In Remembrance
AFFIRMING AN INCLUSIVE PRIESTHOOD, ROOTED IN A REFORMED AND RENEWED CHURCH

Shannon, James

August 28, 2003
St. Louis Park, MN
James P. Shannon, whose resignation as a Twin Cities priest and bishop in the late 1960s shocked Catholics across the country, died at Methodist Hospital in St. Louis Park.

Shannon, 82, suffered a stroke night before his death at his home in Plymouth.

Liberal Catholics in the 1960s hitched their star to Shannon, who spoke out against the Vietnam War and embraced the changes proposed by the Second Vatican Council of the Roman Catholic Church.

But after the church in 1968 reaffirmed its prohibition against artificial birth control, Shannon agonized about how to teach married couples a doctrine he didn't believe he could defend.

He submitted his resignation as auxiliary bishop of the Archdiocese of St. Paul and Minneapolis in November of that year, but it wasn't publicly known until a Minneapolis newspaper broke the story in June 1969.

Just as his supporters rallied to his cause, shock waves broke again two months later when a newspaper in Rochester, N.Y., reported Shannon had married Ruth Wilkinson in early August in Endicott, N.Y.

"We had many shocks in those days — the Vatican Council was a shock for all of the things it did — but there was nothing else with this kind of drama to it, a bishop actually quitting, stepping down,' said Bernie Casserly, who was then editor of the Catholic Bulletin in St. Paul.

Shannon, a native of South St. Paul, had appeared destined for high places in the church. He became president of the College of St. Thomas by age 35 and an auxiliary bishop of St. Paul and Minneapolis by age 44.

"He was looked at as a real pacesetter for the young clergy,' said the Rev. Arnold Weber of Medina, Minn., where Shannon worshiped in recent years. "He marched in Selma, Ala., went the social justice route, questioned structures in church, all ahead of Vatican II.'

Shannon, ordained an auxiliary bishop in 1965, was able to attend the final session of the Vatican Council at the end of that year. He soon became a sought-after spokesman among U.S. bishops.

The Rev. Martin Luther King Jr. invited Shannon to Selma in 1966 for the funeral of slain civil rights leader James Reeb.

But Shannon's public role also led to much-publicized unrest among some conservative bishops.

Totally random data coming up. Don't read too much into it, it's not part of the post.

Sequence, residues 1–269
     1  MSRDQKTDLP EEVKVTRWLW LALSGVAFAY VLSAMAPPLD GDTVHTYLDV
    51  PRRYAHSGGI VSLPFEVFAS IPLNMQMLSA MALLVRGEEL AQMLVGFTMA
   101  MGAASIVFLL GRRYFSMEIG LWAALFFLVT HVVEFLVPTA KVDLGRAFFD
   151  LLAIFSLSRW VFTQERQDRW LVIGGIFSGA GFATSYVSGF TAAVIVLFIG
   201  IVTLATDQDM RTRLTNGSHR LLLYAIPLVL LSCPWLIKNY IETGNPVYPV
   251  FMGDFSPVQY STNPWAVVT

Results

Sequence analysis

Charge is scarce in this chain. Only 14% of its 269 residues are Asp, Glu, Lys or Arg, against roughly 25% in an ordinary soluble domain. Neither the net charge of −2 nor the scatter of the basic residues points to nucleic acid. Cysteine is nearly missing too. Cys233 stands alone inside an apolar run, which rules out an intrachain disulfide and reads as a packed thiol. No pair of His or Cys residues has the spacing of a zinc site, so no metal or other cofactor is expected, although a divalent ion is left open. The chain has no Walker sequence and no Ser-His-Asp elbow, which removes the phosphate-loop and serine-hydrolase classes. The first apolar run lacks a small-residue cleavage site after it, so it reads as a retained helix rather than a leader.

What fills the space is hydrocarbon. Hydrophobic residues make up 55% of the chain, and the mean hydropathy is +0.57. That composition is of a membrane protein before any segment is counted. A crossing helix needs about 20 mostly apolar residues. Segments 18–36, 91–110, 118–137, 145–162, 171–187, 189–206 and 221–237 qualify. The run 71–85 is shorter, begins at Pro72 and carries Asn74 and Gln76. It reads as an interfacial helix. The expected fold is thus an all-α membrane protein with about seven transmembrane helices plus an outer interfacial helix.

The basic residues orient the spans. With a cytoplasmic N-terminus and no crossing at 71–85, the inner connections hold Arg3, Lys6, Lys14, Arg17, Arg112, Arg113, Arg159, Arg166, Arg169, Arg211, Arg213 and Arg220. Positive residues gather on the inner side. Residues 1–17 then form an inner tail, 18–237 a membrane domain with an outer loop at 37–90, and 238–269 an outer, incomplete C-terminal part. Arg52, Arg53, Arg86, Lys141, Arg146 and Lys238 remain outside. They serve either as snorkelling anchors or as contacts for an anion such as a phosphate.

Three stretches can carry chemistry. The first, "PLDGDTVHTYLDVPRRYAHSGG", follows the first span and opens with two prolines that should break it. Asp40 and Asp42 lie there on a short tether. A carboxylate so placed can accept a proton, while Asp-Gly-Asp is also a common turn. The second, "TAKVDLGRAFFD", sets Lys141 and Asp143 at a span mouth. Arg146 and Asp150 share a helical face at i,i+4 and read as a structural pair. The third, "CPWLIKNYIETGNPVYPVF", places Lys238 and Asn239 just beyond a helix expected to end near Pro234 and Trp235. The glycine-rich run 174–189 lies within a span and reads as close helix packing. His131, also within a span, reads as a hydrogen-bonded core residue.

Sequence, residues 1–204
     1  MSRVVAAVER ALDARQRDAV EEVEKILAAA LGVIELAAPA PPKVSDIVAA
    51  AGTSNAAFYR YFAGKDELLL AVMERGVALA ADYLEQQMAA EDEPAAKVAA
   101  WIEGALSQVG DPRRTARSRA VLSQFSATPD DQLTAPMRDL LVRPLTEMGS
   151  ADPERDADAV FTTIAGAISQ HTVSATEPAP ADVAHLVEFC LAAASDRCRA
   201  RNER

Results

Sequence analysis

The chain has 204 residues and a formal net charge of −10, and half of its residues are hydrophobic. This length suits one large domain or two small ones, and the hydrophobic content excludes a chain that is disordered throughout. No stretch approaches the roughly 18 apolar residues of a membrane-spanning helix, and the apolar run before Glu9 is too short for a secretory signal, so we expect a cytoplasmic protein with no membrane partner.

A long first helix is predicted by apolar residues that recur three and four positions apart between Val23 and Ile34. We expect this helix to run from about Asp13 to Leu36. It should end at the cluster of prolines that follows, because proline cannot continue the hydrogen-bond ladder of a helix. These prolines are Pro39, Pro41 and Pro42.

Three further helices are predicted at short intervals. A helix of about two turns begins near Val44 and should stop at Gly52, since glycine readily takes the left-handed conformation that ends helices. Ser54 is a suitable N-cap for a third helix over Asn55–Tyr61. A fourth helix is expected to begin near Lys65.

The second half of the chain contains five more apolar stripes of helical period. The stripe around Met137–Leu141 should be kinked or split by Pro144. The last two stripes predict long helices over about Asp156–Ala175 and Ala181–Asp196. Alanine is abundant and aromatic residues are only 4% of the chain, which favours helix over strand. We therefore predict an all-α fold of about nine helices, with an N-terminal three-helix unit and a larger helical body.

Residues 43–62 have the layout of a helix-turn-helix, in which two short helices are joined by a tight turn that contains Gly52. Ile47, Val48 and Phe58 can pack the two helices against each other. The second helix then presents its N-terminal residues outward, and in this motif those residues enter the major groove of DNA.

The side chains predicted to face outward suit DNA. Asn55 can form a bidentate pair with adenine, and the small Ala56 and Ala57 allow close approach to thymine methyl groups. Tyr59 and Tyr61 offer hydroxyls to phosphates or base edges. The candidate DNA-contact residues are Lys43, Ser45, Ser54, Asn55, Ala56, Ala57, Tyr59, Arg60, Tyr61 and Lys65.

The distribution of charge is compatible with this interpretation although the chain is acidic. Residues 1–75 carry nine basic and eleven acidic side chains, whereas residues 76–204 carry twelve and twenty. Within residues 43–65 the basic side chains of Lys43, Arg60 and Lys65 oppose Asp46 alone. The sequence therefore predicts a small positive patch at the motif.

After Shannon's role as a narrator on an NBC news special about "The New American Catholic' in 1968, Cardinal James Francis McIntyre of Los Angeles accused the show of being "erroneous, misleading and unauthorized.'

The powerful McIntyre's objections grew into a struggle within the body of U.S. bishops, which cost Shannon an opportunity to become bishop of Duluth, Minn., and possibly the head of the Catholic University of Washington, D.C.

"It is an altogether tragic story, but it's just a piece of the story,' said the Rev. Edward Flahavan, a retired priest and longtime friend of Shannon's. "The story is his being a Christian gentleman, ruled by love, rather than by rules.'

After leaving the priesthood and marrying, Shannon earned a law degree and became heavily involved in philanthropy. For several years, he headed the Minneapolis Foundation and later the General Mills Foundation, and served as a senior consultant to the Council on Foundations in Washington, D.C.

"He was concerned with building a better society and helping people,' said Monsignor Terrence Murphy, who succeeded Shannon as president of what is now the University of St. Thomas. "That was always a concern of his, whether he was in the priesthood or out of the priesthood.'

Murphy was a 1946 classmate of Shannon's at the St. Paul Seminary, as was former Archbishop John Roach, who died last month.

Archbishop Harry Flynn was out of town Thursday, but the archdiocese released a statement that said, in part:

"Dr. Shannon … left the active priestly ministry during a time of great turmoil in our Church, and his departure was a real loss for the Catholic community. He maintained many friendships among us during his distinguished public service in education and philanthropic work.

"We are pleased that, through the special permission of Pope John Paul II, Dr. Shannon lived his last years in full communion with our Church.'

Then-Archbishop Leo Byrne said that Shannon's 1969 marriage resulted in his automatic excommunication from the church. But a new church law in 1983 abolished that penalty, "and this abolition applied, retroactively, to my situation,' Shannon wrote in his 1998 autobiography.

"The new code orders that I be suspended from my apostolic role as a priest,' Shannon wrote, "but it does not separate me from the Catholic community.'

Shannon worshipped regularly for several years at St. Joan of Arc in Minneapolis, where his close friend, the Rev. Harvey Egan, was priest. He attended the church in Medina the past several years.

"He was faithful to the church, even when it had given him severe penalties for his decision,' Flahavan said. "He was faithful to the end.'

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